Pignut Hickory (Carya glabra)

 Family: Juglandaceae

The Pignut hickory is a common tree found throughout the eastern United States. Pignut hickory frequently grows on dry ridgetops and side slopes throughout its range but it is also common on moist sites.

It has alternate compound leaves comprised of (usually) 5 leaflets with the bottom two being slightly smaller. The color of the leaves is a dark green and the leaf surfaces have a smooth texture.

The nuts are relatively small and pear-shaped.

Read more ...

Multiflora Rose (Rosa multiflora~Invasive Species)

Family: Rosaceae

Other common names: rambler rose and baby rose

Multiflora Rose


Multiflora rose was introduced into the eastern United States in 1866. It is native to eastern Japan, China, and Korea. It was introduced into the U.S. to act as a “living fence” for farmers to use to keep their cattle maintained and also to help in erosion control. 

Read more ...

Hawthorn (Crataegus)

Family: Rosaceae

This tree is most easily recognized by the slender needle-like spines. There are several native species of hawthorns, and species-level identification can sometimes be difficult. There are also many ornamental and cultivated varieties of hawthorn that are used in residential landscaping.


Read more ...

Honey Locust (Gledistia triacanthos)

Family: Fabaceae

The Honey Locust is a common tree in Ohio and throughout the United States.

Honey Locust The easiest way to recognize the native Honey Locust is to look for the stout sharply pointed branched spines.  The leaves of the honey locust trees can be easily confused with a close relative, the black locust. Both trees have pinnately compound leaves that are divided into many leaflets.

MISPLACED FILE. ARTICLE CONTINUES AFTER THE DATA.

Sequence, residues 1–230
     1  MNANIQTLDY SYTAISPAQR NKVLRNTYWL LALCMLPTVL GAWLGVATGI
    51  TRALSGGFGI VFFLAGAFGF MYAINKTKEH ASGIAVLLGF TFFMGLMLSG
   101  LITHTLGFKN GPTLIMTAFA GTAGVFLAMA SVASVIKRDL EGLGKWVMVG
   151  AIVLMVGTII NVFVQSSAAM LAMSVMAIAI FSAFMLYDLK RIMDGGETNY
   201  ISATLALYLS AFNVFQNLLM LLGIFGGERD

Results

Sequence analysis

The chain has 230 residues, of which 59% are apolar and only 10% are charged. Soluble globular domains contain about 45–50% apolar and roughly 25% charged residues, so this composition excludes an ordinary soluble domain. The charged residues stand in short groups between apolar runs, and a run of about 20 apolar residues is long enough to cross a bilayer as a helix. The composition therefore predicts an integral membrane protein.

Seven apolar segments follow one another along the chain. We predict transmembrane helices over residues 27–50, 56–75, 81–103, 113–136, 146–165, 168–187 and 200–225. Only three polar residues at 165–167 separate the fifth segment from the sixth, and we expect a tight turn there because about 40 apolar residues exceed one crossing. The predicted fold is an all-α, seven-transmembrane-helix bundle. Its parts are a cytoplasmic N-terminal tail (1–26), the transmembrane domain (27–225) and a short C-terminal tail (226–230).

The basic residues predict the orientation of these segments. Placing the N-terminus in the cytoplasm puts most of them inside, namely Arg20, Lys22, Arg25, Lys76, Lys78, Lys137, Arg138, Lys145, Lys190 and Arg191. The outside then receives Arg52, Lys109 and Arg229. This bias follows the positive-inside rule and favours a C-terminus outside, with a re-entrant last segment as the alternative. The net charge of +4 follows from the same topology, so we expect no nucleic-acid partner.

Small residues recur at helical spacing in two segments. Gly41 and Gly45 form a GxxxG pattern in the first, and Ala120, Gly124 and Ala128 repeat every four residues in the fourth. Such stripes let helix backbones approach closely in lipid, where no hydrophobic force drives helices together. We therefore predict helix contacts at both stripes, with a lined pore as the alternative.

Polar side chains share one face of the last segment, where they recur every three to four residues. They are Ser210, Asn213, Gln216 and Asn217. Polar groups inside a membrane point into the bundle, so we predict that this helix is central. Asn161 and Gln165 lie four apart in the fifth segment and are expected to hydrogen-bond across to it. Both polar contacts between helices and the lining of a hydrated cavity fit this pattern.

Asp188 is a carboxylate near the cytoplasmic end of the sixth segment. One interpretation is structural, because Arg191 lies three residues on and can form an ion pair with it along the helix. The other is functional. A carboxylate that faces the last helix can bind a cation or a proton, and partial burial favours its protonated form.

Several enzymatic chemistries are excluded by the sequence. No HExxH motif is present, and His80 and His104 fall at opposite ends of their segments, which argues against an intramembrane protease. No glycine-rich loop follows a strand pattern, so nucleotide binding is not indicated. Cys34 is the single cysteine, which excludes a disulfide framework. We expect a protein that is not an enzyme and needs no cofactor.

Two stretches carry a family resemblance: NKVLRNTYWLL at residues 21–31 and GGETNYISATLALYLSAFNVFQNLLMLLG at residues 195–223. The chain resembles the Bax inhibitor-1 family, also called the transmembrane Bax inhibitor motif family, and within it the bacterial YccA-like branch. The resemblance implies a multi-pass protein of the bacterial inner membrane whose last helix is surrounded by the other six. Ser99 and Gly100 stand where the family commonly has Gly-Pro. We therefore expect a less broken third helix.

Read more ...

Hackberry (Celtis occidentalis)

Family: Cannabaceae

Other Common Names: sugarberry, nettletree, beaverwood

Hackberry is native to much of eastern North America and it is a common tree throughout Ohio.

The easiest way to recognize hackberry is by the raised warty ridges on the bark. The bark is light brown or silvery grey, and it is usually a medium-sized tree with a slender trunk.  

Hackberries have alternate leaves that have pointed tips and coarsely toothed edges.

Read more ...


LEARN MORE  about the Woods on the Ariel-Foundation Park main site!


A special thanks to the students of the Field Botany class at Mount Vernon Nazarene University who wrote the reports on the various kinds of trees found in The Woods. These students include Chandler Cook, Grace Hall, Emily Kauble, Keith Kitchen, Madison Lotz, Kevin Maurer, Christina Norcross, Caroline Phillips, Dakoda Ramsey, Jacob Schott, Emily Smith, and Katelyn Stone.

All photos linked in this Learning Station courtesy of D. Mosher, Mount Vernon Nazarene University.

Appendix I

Plant surveys were done by the Field Botany class at Mount Vernon Nazarene University during the fall semester of 2016.  A summary of the class surveys for woody plants and herbaceous plants is available.